I hope that Question #2 passes on November 6 — because I don’t want people to have to be lucky about having the nerve to ask the difficult questions we asked, relying on the compassionate physicians, ministers, friends who we were fortunate enough to have, or be left to hope that a family member would have the guts to administer medication to a family member if she or he couldn’t lift up the medication to their lips.  We don’t need luck, we need a law that will help to ensure that people have as good a death as possible.

My father died on All Saints Day, a day of remembrance and celebration honored in different ways in Christian, Celtic and pagan communities. A hymn that we sing in our Unitarian Universalist congregations, “For All the Saints,” says, “Thy name most holy, be forever bless’d,” in speaking of the departed.  I would offer that same praise and blessing for those who have stepped forward, in different times and places, to compassionately help those who we love exit this life in dignity and peace.

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Two weeks ago to the day, I entered New England Baptist Hospital in Boston for a total knee replacement.  My right knee had deteriorated (I have no memory of an injury, but something must have happened) to the point where there was, essentially, no cartilage left; there were plenty of bone spurs and the situation had become painful and pretty much unacceptable. Add to this the fact that Ben and I are planning a once-in-a-lifetime 20th anniversary trip in the fall to Paris and Rome with Ben’s brother and his wife, and you’ve got a knee that needs fixing.

I am an upbeat person, positive and in general, pain-tolerant.  I knew that that procedure might hurt; I knew that it was not going to be a good time.  But I was clear that it was the right thing to do.  And so it happened, at one of the best orthopedic hospitals in the US if not the world, and so far the outcome holds promise.

Over and over, as I moved closer to surgery day, people would ask me if I was nervous.  “Aren’t you concerned?”  “Don’t you worry?” my well-meaning friends would ask.  To all, the answer was the same:  “No.  No worries – just ready to go to the next chapter, to try to make myself whole.”  Send me your good thoughts, I said; your prayers if you pray; but know that I feel held by all of you.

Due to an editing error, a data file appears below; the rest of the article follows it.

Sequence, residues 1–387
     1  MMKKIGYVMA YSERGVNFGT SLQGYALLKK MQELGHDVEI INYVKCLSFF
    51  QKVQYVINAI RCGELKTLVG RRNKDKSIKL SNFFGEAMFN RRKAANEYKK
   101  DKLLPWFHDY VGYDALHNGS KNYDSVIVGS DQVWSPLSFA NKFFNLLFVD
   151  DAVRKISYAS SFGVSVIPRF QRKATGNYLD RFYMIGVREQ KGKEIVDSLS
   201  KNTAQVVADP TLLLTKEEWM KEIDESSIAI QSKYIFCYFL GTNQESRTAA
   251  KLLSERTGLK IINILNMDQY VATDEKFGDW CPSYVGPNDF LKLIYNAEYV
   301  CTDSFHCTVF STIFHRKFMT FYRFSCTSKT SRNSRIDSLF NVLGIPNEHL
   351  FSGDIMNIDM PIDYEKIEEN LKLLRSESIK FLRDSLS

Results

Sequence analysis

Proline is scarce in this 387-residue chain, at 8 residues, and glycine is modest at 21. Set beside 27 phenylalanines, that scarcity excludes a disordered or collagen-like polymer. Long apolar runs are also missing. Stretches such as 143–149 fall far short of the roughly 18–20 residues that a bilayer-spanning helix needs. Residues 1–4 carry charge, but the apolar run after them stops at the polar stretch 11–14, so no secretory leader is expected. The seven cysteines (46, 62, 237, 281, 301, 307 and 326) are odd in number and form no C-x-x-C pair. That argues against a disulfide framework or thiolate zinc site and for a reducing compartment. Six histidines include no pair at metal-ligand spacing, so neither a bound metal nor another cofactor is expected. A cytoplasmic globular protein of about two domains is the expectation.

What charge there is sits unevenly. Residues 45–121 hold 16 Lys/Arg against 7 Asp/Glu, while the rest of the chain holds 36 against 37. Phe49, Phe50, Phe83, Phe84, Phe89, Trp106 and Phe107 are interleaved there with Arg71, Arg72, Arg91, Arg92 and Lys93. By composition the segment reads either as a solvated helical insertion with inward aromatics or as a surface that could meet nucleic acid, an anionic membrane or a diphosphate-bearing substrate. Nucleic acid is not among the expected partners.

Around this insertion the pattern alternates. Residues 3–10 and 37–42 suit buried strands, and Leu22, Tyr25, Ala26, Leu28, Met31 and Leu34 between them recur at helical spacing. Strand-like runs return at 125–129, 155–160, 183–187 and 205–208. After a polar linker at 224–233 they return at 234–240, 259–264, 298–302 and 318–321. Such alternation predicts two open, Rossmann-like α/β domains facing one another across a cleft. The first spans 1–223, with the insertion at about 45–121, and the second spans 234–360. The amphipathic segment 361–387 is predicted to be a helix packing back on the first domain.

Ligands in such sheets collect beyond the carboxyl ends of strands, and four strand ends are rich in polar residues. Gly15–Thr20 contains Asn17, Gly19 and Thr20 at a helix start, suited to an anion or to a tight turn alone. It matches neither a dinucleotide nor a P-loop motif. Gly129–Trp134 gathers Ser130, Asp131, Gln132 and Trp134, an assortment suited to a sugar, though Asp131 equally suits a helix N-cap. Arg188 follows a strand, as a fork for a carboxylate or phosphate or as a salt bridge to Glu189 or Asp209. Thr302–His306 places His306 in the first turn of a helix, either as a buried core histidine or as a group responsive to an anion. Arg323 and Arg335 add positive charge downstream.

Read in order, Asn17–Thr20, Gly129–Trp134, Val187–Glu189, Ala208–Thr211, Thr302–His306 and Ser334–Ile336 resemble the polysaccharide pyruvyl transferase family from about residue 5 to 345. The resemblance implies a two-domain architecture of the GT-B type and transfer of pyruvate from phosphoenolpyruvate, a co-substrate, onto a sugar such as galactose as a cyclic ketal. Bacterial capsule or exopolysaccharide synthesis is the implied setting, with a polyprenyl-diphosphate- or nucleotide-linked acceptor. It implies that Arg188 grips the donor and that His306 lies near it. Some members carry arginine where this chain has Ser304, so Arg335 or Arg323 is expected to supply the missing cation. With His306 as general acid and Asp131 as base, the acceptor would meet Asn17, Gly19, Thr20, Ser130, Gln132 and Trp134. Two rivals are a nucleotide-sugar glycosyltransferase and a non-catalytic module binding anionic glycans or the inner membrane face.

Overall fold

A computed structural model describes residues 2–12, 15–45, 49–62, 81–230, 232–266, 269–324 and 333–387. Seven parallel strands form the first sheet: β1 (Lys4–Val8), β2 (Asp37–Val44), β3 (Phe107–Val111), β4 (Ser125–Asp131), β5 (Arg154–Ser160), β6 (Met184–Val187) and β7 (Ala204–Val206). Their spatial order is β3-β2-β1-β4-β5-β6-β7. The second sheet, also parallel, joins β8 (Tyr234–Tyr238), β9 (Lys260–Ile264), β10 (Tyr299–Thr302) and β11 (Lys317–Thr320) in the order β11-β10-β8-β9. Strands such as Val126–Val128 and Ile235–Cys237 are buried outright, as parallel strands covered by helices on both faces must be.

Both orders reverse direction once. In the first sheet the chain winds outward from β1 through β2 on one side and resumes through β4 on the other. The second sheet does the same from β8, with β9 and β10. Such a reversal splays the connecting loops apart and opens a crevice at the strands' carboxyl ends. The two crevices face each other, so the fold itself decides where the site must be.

That image, of being held, was the most powerful vision I had, both before the surgery and now.  I could see myself in the center of a clear space, and all around me were people.  Some of them I could identify, some of them were anonymous to me.  But as in the trust exercise that you hear about some youth groups doing, to bond and merge and come together as a group, I, the person in the center, was being held — ever so delicately — by the fingers and hands of all around me.

It was, and is, a beautiful and comforting image…and it is not only imagined.  So many have been there in so many ways that I can not begin to name or thank them all.  One friend, who has had a disability since birth, took me under her wing to tell me what I would need to know about how to successfully use a walker, then crutches, while she ministered to my psyche at the same time.  Another just showed up, repeatedly, with the Frappucinos that are almost the only thing that tastes good.  Still another called many times to check in and immediately produced the heating pad I desperately needed when my back and hamstring muscles went into spasm. And another, too far away to visit and wrestling with her own health challenges, undertook a ‘ministry of get well cards’ that arrived, day after day, to remind me that I was indeed being held by my friends.

And the food…all the people who, whether intimidated by the idea of feeding an experienced cook or not, have showed up, night after night with wonderful meals, made with love.  The “pot of spring” (daffodils) that arrived with another friend, the folks who brought scones and frozen meals for later, the DVD of “Downton Abbey” that arrived to amuse me, the buckwheat-stuffed heart that, when frozen, cools my hot surgical incision.

This, and so much more, has carried me through; reminded me of what community is about; illustrated – in case I needed a reminder — what we offer to one another through good times and certainly through bad.  A former minister of my congregation used to remind us, weekly, “No matter what you are going through in this life, my friends, you are not going through it alone.”  I could not have had a more clear example of what that means than over these last few weeks.